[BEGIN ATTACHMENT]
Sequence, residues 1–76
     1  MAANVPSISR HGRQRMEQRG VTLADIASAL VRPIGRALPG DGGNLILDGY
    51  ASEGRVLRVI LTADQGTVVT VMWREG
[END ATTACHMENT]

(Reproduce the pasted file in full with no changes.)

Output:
Sequence, residues 1–76
     1  MAANVPSISR HGRQRMEQRG VTLADIASAL VRPIGRALPG DGGNLILDGY
    51  ASEGRVLRVI LTADQGTVVT VMWREG